Full disclosure: I got this ARC from the hands of Seanan herself. She was in Boston for a convention, and she is good friends with a good friend of mine (and she’d been a guest on my podcast last summer) so we tested to see if the Geek Social Fallacyof the Transitive Properties of Friendship worked (it seemed to). I have, however, been a fan of this series before all that happened, so while I cannot pretend to pure objectivity (although I never have, to be fair), I know what I like. And I have very happy with Half Off Ragnarok.
So, the Incryptid series, which Carrie reviewed the first two books of (Discount Armageddon here and Midnight Blue Light Special here) is about a family that studies, protects, and hunts monsters- in that order. They are Cryptozoologists, and they try to find the balance between keeping the ecology balanced, while keeping the secrets of dragons, gorgons, griffins, and everything else out of human view (humans don’t handle things well). There’s also an Evil Ancient Society that likes killing monsters (The Covenant of St. George- I always thought that dragon got a raw deal, poor baby) and talking mice.
We’ll get to the talking mice.
So book 3 is not the continuing adventures of Verity Price and Dominic de Luca- the focus switches to Alex, Verity’s older brother. He is trying to get basilisks to breed and doing a survey of the fricken (feathered frog) population of Ohio all while running the reptile house at the Cleveland Zoo. His sort-of girlfriend is a visiting Australian researcher who manages the big cats. Now, needing to keep your real job and real interests a secret from your sort-of girlfriend is not very conducive to removing that “sort-of” and things look iffy for them until two things happen: a co-worker at the zoo turns up dead and partially petrified, and Alex remembers that Shelby is from Australia – land of things evolved to fuck you up and everything you hold dear.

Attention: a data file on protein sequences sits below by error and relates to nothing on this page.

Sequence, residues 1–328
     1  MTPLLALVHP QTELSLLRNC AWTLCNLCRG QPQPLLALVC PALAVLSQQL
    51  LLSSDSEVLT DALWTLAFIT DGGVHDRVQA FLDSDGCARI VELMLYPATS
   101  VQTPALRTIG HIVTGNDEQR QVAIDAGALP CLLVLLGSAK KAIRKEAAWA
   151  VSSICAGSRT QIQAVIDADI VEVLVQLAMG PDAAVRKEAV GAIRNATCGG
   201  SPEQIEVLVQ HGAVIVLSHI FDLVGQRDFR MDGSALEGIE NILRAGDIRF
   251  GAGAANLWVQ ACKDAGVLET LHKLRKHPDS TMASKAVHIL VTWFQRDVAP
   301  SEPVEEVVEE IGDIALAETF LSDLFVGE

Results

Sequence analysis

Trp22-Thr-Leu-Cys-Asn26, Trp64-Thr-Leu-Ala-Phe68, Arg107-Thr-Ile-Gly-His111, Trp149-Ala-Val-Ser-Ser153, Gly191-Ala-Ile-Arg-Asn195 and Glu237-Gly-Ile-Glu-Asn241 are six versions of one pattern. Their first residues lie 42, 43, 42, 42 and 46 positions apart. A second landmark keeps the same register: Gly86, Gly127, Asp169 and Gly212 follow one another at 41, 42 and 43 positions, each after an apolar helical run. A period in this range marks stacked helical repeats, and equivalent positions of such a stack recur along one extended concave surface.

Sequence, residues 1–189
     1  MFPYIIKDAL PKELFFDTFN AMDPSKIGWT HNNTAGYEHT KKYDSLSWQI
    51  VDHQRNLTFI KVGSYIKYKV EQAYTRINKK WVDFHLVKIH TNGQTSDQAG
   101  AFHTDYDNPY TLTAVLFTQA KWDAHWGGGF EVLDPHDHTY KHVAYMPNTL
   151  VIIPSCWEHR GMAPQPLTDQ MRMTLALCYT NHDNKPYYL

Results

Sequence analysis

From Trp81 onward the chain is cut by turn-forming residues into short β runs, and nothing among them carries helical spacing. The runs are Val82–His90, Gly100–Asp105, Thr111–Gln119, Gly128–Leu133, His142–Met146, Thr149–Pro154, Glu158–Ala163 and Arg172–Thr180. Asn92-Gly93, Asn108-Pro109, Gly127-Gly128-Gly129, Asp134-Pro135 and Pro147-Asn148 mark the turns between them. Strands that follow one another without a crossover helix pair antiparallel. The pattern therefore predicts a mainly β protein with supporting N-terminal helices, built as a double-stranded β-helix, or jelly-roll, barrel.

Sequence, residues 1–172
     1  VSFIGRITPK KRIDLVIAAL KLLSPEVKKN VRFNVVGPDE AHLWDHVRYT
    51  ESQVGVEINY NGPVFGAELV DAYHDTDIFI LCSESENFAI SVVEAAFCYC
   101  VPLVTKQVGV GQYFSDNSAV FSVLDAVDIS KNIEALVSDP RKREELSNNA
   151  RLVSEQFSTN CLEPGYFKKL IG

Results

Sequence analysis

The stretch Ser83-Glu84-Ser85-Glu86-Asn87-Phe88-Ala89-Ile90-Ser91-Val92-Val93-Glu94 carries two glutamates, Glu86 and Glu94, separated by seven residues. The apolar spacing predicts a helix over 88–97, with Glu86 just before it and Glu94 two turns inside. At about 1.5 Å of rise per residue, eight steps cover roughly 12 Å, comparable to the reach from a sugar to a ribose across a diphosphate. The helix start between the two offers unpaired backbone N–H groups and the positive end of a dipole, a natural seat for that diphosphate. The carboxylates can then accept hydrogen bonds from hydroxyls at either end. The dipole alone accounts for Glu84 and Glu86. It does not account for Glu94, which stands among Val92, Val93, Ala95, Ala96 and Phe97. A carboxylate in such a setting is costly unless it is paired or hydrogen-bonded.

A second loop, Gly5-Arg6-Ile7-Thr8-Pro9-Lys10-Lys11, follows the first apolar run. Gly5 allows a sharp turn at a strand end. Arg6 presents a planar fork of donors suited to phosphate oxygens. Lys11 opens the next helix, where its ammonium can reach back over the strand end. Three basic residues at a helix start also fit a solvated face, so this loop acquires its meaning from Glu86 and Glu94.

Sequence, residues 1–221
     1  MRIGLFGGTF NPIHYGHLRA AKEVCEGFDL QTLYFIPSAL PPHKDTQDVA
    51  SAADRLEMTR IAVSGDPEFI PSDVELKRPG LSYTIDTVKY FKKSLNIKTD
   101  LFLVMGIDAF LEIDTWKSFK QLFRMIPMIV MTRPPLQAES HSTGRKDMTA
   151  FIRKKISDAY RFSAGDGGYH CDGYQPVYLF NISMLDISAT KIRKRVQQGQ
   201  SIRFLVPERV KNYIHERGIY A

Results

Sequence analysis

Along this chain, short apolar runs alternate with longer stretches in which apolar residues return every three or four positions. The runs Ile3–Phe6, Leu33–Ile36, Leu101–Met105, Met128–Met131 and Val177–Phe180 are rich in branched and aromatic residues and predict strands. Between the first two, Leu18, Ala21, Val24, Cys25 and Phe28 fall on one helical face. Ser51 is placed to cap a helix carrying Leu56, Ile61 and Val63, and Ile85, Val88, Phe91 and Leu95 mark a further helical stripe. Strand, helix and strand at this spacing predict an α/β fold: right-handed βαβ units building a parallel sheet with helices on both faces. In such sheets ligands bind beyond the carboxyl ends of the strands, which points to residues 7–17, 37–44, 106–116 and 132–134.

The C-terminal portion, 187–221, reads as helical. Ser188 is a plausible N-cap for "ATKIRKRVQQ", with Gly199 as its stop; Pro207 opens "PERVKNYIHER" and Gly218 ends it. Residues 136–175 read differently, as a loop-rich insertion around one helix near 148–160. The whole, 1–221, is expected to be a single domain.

Alex is worthy of Shelby, is what I’m saying.
One of the things I like best about Maguire’s writing is how enthusiastic she is about things. She loves the science of creepy crawly slithery things and I’m pretty convinced that if she could figure out a way to make sure it was safe and psychologically happy, she’d totally have a pet octopus. The bigger the better. She’d even have one of those weird squids with the elbows. So she works at making the biology of the monsters as rational as possible. It’s science! There are a lot of snakes involved, which I’m not thrilled about, but that has everything to do with me and a fear of snakes (LOOK THEY DON’T HAVE LEGS IT IS JUST WEIRD) and nothing to do with anything else.
Apparently there are some people who have expressed… dismay…. at this book not continuing to be about Verity and Dominic. I suspect that romance readers will have an easier time with this- our series tend to be about a sprawling family (much like the Prices!) and each book has a different protagonist- as opposed to the trend I see more in Urban Fantasy where the whole series is about one person (Maguire’s Toby Daye books, for example). Telling the story of the big, fascinating family (one grandmother is a cuckoo, there’s a grandfather who is possibly stuck in Hell after an ill-fated trip through interdimensional planes) through multiple eyes- this is a multi-layer portrait in a richly layered world. No one does world-building quite like Maguire. I really am very excited to read about Alex and Verity’s sister Antimony. She hates everything. I can relate.
I really liked Alex, and how he’s a completely different person from Verity and yet you can see how the same upbringing produced them both. It was very clever to introduce the family with the Rebel (Verity) and then move on to the Good Kid (Alex) before we get to the One Who Just Wants To Blow Shit Up (Antimony). I LOVED Shelby, and was really happy that we didn’t go down the route of “OMGWTFBBQ MONSTERS” or certain other plot elements we’ve already explored in previous books
One of my favorite elements in this series is the Aeslin mice- they’re hyper-religious talking mice (because… of course) that have decided that the Price family are their gods. So they remember EVERYTHING. And they are both adorable and disturbing and demand cheese and cake. I wish there’d been more Aeslin mice in this book, but there is a griffin the size of a Maine Coon, so… I really shouldn’t complain too much.
Except that the griffin the size of the Maine Coon cat doesn’t exist, and I want one. That’s a problem.